Lady Gaga’s “Born This Way”: The Review
Lady Gaga’s second full-length album Born This Way opens with “Marry The Night,” one of the most epic pop songs you will ever hear. Clearly aimed to kickstart the album with the kind of massive statement MJ nailed with Thiller‘s ‘Wanna Be Startin’ Something,” “Marry The Night” opens with somber church organ and decidedly pensive vocals before erupting into a blast of synths, and never lets up. It sounds like classic Whitney Houston produced by Max Martin, and it is arguably the best song Lady Gaga has ever released. It’s that good.
Born This Way should crumble under the weight of such a masterful opening salvo (not to mention unbelievable hype), but it doesn’t. Not by a long shot.
Lady Gaga is one of very few artists that seem to have taken up the challenge Kanye West laid-out to his peers with last year’s sprawling My Beautiful Dark Twisted Fantasy; essentially, go big or go home. Gaga goes gargantuan with Born This Way, injecting her irresistible, Madonna-influenced dance-pop with the weighty stomp of Heavy Metal and the arena-rock grandeur of Bruce Springsteen. The energy this sonic mixture conjures gives the album an inexhaustible source of momentum that propels the listener through its weaker moments with ease. This is music tailor-made to fit a stadium, or the biggest gay club on the planet, and it is impossible not to love. Musically-speaking, Born This Way is a marvel to experience and a shockingly cohesive listen.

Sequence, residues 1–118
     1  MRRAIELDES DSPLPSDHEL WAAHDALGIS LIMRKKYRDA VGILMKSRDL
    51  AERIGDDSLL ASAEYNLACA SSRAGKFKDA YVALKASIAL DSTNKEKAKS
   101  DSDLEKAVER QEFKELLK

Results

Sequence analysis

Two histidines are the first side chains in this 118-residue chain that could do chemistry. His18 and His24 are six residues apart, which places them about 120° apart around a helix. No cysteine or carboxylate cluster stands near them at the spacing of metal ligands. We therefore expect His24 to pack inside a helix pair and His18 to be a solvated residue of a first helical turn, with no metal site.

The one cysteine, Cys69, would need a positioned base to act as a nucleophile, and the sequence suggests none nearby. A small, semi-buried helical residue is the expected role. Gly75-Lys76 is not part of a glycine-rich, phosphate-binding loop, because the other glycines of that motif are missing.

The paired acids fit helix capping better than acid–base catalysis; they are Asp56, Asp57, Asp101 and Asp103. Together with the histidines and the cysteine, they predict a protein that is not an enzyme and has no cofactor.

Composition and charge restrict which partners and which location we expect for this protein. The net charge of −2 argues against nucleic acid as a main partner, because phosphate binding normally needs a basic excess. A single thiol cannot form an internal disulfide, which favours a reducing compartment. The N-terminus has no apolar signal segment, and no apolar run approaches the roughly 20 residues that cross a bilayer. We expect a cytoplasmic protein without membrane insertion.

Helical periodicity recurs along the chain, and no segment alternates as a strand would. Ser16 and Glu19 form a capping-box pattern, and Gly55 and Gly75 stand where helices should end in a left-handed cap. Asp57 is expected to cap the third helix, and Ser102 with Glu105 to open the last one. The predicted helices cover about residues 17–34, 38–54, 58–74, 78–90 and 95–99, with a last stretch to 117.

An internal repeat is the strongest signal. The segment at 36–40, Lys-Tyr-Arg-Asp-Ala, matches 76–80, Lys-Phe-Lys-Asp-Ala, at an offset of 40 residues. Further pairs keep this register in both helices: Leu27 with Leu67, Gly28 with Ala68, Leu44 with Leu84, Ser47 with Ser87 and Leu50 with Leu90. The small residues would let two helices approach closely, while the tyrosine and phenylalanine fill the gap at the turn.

Thematically, Gaga is obsessed with a three-way relationship between identity, spirituality and freedom. Classic symbols of liberation like motorcycles and unruly hair abound throughout Born This Way. And while these might not be the most unique lyrical references in the world, they work because Gaga commits so wholeheartedly to them. “Hair” sounds dumb on paper, but on record its a passionate, gorgeous declaration of individuality. “Bad Kids” should make you cringe with its cheesiness, but instead you’ll smile at its sincerity and sing along to its insanely catchy (and utterly adorable) chorus.
And Gaga doesn’t forget to let her freak flag fly either. The downright fierce “Scheiße” opens with some strange rambling in German, while “Government Hooker” boasts lines like “Put your hands on me/John F. Kennedy,” over the sexiest, shadiest beat on the entire album.
And as if that wasn’t enough, Gaga takes things to an entirely different level with “You & I” and “The Edge of Glory,” a one-two punch of a finale that is shamelessly excessive in the best possible way. “You & I” features a welcome guitar solo from Queen’s Brian May, and production from the legendary Mutt Lange (Def Leppard, anyone?), who gives Gaga’s now-signature rock n roll power ballad a near-perfect balance of sleekness and grit. And “The Edge of Glory” is somehow even more epic, bringing together every style and influence employed on this album into one massive burst of sonic joy. You won’t know whether to dance your ass off or put a lighter in the air.
It’s the kind of song that lays bare the intentions of an artist; Lady Gaga clearly set out to make the greatest Pop album ever made. No hyperbole. No bullshit. Literally, the best ever.
Did she achieve this? Eh, I doubt it.
But you’ll be very, very glad she tried.